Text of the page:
Schizophrenia – 1968

I knew ONE person who had Schizophrenia. The elderly priest with whom I was staying said so. But I could No Appreciable difference between that man’s behaviour and mine. Nor was he different from a hundred others.

YEARS ago, (end of 1987) I had needed Expert and Instensive Counselling. My psychiatrist never told me that it was Depression. Anyway, I used to Cry and Weep, at what many would say the Drop of a hat. This was at the age of about 40! After my Ordination!

On the one hand I think the West is applying Medical labels too often, and too easily. And too many drugs are prescribed and used there. What a Difference from India! Here, They/We Accept many things, and take them in our Stride.

Am GLAD, Alaina, that You came out of this, and Witness to the fact that Others can too. Thanks for the Sharing.

Glad to know that Hannah Green herself came out of it, and wrote that Grand book. All Kudos.

Disagree with Alaina’s Mom that ‘schizophrenia has no known cause.’ With All Respect to Alaina’s Mom, Any companion who is Constantly Angry can cause/Or Hinder the Healing of… Severe Mental Illness, if not Schizophrenia.


  1. Good day Baba. WordPress wouldn’t let me reply to the comments you left on my photos for some reason so I will have to reply here. Thank you for your kind comments; I’m glad you enjoyed the scenery. 😀

    Liked by 1 person

  2. I agree whole-heartedly with what you have said: “…I think the West is applying Medical labels too often, and too easily. And too many drugs are prescribed and used there.”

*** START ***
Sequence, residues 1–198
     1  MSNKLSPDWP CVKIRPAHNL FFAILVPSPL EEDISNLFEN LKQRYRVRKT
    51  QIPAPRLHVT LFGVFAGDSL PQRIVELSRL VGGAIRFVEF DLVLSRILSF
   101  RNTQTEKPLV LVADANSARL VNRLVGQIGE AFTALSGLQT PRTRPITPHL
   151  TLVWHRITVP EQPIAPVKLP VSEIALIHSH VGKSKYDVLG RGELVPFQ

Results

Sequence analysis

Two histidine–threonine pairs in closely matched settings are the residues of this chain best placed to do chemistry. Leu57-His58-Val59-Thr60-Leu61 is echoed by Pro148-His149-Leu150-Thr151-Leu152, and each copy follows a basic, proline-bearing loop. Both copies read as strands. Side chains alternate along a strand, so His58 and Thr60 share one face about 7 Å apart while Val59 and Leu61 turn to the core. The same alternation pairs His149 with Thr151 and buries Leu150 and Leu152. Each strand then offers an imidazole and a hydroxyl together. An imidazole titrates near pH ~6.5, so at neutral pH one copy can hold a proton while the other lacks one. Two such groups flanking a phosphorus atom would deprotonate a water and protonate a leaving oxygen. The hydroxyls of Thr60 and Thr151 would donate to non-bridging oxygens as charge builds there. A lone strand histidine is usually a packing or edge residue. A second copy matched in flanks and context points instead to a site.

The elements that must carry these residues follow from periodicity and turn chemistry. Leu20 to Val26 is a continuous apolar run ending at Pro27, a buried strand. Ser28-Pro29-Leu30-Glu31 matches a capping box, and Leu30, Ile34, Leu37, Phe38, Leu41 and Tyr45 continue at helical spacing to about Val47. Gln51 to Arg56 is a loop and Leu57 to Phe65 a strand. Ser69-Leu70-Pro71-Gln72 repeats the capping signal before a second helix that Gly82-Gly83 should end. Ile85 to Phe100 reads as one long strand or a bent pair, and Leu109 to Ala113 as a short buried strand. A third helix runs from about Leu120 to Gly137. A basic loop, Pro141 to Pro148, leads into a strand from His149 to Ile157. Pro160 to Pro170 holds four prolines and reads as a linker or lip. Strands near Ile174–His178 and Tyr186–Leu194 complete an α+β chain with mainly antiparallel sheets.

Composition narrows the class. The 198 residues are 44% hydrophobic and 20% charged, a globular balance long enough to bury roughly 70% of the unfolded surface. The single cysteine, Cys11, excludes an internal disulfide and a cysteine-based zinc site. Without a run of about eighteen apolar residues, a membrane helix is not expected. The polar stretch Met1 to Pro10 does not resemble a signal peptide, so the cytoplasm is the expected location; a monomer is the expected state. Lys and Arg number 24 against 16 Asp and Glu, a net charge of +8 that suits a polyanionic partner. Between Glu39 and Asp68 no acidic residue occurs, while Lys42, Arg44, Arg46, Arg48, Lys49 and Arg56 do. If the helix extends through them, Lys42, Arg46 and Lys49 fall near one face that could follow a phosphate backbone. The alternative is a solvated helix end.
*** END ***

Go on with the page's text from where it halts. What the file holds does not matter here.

Yes, very true, in my opinion. I am so glad it is different in India. I believe that our minds can heal, but only with good care. Mind-numbing drugs and stigmatizing mental illness labels and locking people up who are no danger to anyone, is NOT good care.

    I am glad that you are better after your time of depression when you were in your 40s. I have battled depression too, a miserable thing to have. Now when I feel like I am in danger of becoming depressed, I jump up and go for a long fast walk. Or, if the weather is too bad to walk outdoors, I jump and run in place indoors on a small trampoline we have. Then I feel very happy, like a little child again. 🙂


    • Thank You Alaina, for Your response and Concern. My return to Normalcy was Entirely without Drugs. And let me give credit to my Psychiatrist, Dr. D’Netto of Pune. He was not only an expert, but also a Very Dear man, and Very Spiritual. He was one of the Editors of Charisindia.

      Six years ago I also suffered a heart attack. So No Fast walks for me. But I do walk, mostly in my little compound, which allows all of about 25 metres of walk! I try to walk 1 or 2 kilometres a day.

      And I really wonder whether running of walking fast is such a good idea.

      Hearty Regards again. 🙂


      • My best-friend-husband had 2 heart attacks 15 years ago, so he is also unable to walk very fast. When we walk together, if I too much energy, I sometimes walk very fast to the end of the block, then I rush back to him before he is half way down the block.

        Yes, running or walking fast may not be a good idea as we get older and our bodies are more prone to injury. However, I loved to RUN like a deer when I was a little girl. Although I am now a 61-year-old great-grandmother, I still enjoy the feeling of “flying” across the ground with the wind in my face.

        A few years ago I fell when I was walking very fast. I landed very hard on pavement, breaking 4 ribs and breaking my left wrist. The pain was terrible. I did not fully heal for almost a year. I also needed surgery to repair my broken wrist. So.. now I try to be more careful.

        I think the best way to heal from emotional difficulties is without drugs. Here in the USA people are often put on drugs at the first sign of sadness, even the normal sadness one feels when a dear loved one dies. My younger cousin was a nurse in a hospital, a brilliant, compassionate young woman. When her father died unexpectedly at the age of 66, my cousin’s doctor put her on an antidepressant drug. My cousin grew worse on the drug, not better. She did not live to see her 39th birthday.

        I still miss her every day. I blame the drug she was given for her tragic death.

        Liked by 1 person

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